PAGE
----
Aaron, is a year round, indefatigable bike commuter. He commuted in Minneapolis which is either badass or insane. Or, actually, both. We were talking with beer cans in their cozies in our hands when he mentioned that the cozies make excellent toe warmers for winter cycling. This is either badass or insane, but it is an economical (actually free) alternative to the stupid toes covers I bought a couple of years ago. They lasted all of two weeks before shredding.

Cozy toes? We'll soon find out

I put them on today but it wasn’t cold enough to make a difference. I’ll get another chance soon enough. (There is of course the possibility that Aaron was putting me on. I am unshamable, however.)

Fort Hunt Park never disappoints in the fall

My ride today was my sixth coffeeneuring ride. I decided to roll down to Mount Vernon and check out the food court. I’ll bet you didn’t know George Washington invented the food court. He was badass, too. On the way I took a lap around Fort Hunt Park. The trees in the park were a little past peak but they still impressed with their bold colors.

New bridge on the Mount Vernon Trail

Further down river on the Mount Vernon Trail I came upon a brand new bridge. This is really quite nice and was much needed. Thank you, National Park Service.

SS Minnow found at last

Just past the bridge I came upon a boat parked at the river bank behind some yellow tape. It could have been the S.S. Minnow, but maybe not.

Coffeeneuring No. 6: MV Foodcourt coffee

The food court was ‘Merica. Burgers and fries and pizza and other things that didn’t make my nose too happy. I bought a decaf coffee and a soft pretzel. The pre-ride coffee I made with my new coffee maker was more better by far. The soft pretzel was salty and took up sufficient space in my digestive tract that it might be classified as actual food.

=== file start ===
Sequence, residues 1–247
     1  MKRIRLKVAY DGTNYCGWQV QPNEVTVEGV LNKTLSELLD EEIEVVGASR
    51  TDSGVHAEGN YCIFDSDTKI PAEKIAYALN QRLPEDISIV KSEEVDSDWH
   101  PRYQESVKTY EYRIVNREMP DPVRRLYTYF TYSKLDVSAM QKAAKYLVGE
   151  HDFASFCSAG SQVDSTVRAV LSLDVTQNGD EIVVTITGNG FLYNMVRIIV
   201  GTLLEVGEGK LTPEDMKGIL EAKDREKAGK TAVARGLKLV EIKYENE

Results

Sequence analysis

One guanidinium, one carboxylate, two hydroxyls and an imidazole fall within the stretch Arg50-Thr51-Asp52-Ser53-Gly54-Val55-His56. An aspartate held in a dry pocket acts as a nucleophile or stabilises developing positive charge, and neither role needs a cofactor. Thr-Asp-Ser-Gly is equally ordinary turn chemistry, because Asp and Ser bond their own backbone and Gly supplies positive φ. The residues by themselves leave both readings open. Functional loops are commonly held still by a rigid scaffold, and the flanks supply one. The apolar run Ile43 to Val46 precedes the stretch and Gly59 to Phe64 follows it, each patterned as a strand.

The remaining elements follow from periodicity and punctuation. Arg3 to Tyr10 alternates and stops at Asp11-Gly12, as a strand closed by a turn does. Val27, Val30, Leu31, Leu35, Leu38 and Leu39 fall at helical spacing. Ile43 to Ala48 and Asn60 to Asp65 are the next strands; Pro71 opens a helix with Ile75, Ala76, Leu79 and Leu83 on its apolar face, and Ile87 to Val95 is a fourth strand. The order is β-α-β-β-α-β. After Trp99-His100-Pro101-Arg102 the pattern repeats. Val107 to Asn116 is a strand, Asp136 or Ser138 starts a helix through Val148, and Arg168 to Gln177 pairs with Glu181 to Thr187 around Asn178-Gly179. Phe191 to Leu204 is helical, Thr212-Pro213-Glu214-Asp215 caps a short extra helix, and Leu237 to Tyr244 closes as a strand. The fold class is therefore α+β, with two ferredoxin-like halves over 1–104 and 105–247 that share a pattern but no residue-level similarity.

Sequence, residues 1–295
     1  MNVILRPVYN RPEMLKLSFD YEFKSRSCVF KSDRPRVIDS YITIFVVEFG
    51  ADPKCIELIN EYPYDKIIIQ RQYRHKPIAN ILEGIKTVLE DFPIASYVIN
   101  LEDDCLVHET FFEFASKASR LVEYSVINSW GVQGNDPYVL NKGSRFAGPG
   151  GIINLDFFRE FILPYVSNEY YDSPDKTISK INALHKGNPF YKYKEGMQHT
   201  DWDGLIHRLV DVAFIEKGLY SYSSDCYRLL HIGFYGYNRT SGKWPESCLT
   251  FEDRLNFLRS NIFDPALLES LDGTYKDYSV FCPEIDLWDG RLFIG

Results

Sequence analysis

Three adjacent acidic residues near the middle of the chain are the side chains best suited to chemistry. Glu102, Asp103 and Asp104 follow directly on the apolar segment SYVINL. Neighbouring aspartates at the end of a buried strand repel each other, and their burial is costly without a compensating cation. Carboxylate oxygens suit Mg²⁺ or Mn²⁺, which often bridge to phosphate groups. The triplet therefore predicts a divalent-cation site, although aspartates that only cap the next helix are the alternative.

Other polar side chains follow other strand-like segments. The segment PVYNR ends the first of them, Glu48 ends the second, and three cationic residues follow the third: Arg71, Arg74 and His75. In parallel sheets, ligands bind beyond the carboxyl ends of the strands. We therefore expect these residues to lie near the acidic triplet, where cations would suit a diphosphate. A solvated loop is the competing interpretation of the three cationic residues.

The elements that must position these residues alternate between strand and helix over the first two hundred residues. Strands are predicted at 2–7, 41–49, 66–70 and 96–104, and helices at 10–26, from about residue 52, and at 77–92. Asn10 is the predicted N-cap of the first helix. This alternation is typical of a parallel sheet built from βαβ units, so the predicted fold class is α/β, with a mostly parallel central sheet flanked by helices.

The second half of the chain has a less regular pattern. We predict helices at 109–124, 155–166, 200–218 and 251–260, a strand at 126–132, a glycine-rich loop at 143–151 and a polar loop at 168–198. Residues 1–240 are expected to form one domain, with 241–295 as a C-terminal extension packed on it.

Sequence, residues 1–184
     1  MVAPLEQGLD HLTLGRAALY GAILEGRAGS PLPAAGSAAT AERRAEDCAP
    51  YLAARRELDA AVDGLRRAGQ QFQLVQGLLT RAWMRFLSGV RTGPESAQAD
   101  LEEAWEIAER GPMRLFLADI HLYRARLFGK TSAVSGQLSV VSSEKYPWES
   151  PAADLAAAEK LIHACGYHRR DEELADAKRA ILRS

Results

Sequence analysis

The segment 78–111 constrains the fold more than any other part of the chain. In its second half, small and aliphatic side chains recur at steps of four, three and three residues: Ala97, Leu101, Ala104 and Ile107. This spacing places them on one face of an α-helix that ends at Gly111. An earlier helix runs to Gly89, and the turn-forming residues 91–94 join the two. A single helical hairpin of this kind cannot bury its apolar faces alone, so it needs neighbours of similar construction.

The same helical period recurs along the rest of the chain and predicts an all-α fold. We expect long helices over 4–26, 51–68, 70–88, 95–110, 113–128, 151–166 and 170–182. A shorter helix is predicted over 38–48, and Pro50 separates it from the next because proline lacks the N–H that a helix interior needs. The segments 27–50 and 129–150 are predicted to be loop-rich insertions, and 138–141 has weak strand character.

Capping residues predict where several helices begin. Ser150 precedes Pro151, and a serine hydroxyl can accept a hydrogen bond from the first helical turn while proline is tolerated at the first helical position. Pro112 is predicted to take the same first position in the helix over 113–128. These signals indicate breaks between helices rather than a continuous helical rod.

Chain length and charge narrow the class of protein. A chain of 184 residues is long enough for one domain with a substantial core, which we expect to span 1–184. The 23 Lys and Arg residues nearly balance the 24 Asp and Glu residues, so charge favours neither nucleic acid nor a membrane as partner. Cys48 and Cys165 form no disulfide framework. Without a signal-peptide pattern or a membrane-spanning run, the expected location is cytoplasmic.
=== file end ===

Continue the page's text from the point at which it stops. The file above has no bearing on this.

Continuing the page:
The ride home along the river was lovely. It had warmed up a bit while I was decaffeinating and so it was quite comfortable.

Chain love with the Nellies

Back at home I had a chain lube party with my three favorite bikes. They are my favorites because they are the only three I have.

Coffeeneruing Rap Sheet

Place: Mount Vernon estate food court at the end of the Mount Vernon Trail

Drink: House decaf as bland as coffee gets

Miles: 13

Observation: There used to be a Starbucks in the foodcourt but now it’s just generic weak joe. The coffeeneuring pickings sure are few and far between in SE Fairfax County. The ride, however, is pretty darn nice.

Now We’re Getting Somewhere – Taking a Mulligan

I needed a grease injector to service my pedals. It’s a bit of a mess trying to do it with a baby medicine injector. Not enough oomph in the lilttle plastic plunger.

My local bike store doesn’t sell them but Performance does. I could have ordered it online but that would have taken away a prefectly good excuse to ride over to their Springfield store. A couple of weeks ago, friend of the blog, bike commuter, and Friday Coffee Club devotee Reba told me that Mulligan Road was now open.

Mulligan Road is the new road that connects US 1 with Telegraph Road near Fort Belvoir. Woodlawn Road used to serve this purpose but the military closed it for security reasons after the 9/11 attacks. Traffic has been a mess ever since. In true Washington area style it only took 13 years to fix the problem.